Severe burn causes a pronounced hypermetabolic response characterized by catabolism and extensive protein wasting. We recently found that this hypermetabolic state is driven by a severe inflammatory response. We characterized in detail the kinetics of serum levels of a panel of cytokines in a rat model, which may serve as reference for the development of therapeutic interventions applicable to humans. Male Sprague-Dawley rats (n = 8) received a full-thickness burn of 60% total body surface area. Serum was harvested 1, 3, 6, 12, 24, 48, 96, and 168 h after burn. Eight serum cytokines commonly used to assess the inflammatory response in humans, such as IL-1β, IL-6, IL-10, TNF, vascular endothelial growth factor, and monocyte chemotactic protein 1, and the rat-specific cytokines cytokine-induced neutrophil chemoattractant (CINC) 1, CINC-2, and CINC-3 were measured by enzyme-linked immunosorbent assay technique and were compared with controls (n = 4). Statistical analysis was conducted using the t test, with P < 0.05 considered as significantly different. Thermal injury resulted in significantly increased serum levels of IL-1β, IL-6, IL-10, monocyte chemotactic protein 1, CINC-1, CINC-2, and CINC-3 when compared with the concentrations detected in nonburned rats (P < 0.05). Serum levels of TNF-α and vascular endothelial growth factor in burned rats were not found to be significantly different to controls. Burn causes a profound inflammatory response in rats. Specific cytokines known to increase in humans postburn such as IL-1 β, IL-6, IL-10, MCP-1, and IL-8 (CINC-1, CINC-2, and CINC-3 in the rat) were also observed in our rat burn model, which now allows us to study new anti-inflammatory treatment options.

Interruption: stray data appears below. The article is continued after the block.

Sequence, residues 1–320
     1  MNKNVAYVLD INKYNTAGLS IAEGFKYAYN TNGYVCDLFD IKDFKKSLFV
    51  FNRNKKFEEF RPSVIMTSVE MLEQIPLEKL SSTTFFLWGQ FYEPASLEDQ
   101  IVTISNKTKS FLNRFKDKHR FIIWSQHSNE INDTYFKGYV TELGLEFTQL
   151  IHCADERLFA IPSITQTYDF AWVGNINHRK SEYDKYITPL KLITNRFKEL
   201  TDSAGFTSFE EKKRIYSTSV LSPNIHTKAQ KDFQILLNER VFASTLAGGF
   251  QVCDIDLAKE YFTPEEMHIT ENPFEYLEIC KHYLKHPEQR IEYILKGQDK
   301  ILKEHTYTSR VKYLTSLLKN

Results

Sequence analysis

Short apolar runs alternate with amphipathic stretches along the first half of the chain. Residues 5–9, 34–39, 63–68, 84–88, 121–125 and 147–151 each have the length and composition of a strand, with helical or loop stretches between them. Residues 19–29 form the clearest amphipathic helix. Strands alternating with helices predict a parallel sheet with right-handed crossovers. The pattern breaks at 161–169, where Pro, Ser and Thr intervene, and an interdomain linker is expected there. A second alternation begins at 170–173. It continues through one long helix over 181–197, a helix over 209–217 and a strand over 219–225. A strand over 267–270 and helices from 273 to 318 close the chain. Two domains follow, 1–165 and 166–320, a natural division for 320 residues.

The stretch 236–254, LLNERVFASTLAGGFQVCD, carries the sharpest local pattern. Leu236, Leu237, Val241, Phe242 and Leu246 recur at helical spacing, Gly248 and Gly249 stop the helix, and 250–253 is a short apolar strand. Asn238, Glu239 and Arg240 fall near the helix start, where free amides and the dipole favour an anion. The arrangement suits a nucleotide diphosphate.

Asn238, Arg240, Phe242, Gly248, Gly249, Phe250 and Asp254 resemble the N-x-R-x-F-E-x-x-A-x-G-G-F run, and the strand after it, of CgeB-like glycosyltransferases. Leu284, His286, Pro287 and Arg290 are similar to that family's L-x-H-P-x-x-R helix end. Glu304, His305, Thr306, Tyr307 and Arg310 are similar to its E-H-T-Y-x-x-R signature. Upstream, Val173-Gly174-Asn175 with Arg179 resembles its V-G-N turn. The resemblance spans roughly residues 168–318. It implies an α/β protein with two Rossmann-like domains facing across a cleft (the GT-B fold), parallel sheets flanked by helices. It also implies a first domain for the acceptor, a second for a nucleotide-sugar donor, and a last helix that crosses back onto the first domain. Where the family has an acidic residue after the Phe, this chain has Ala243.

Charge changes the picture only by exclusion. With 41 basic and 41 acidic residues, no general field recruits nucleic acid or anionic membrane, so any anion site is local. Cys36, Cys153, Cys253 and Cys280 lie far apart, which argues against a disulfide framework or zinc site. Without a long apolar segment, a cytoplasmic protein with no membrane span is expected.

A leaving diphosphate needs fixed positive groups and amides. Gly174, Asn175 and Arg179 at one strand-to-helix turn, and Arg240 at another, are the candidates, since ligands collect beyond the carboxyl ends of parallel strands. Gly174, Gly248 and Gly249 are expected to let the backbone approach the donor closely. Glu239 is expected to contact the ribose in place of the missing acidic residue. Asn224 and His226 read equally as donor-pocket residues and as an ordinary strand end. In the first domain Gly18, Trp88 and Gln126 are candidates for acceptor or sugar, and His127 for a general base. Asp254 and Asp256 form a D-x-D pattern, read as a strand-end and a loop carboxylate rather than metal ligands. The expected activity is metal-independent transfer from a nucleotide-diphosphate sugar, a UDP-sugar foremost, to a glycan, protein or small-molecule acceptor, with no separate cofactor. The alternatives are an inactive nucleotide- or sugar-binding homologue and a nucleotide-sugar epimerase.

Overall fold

ASJC Scopus subject areas
- Emergency Medicine
- Critical Care and Intensive Care Medicine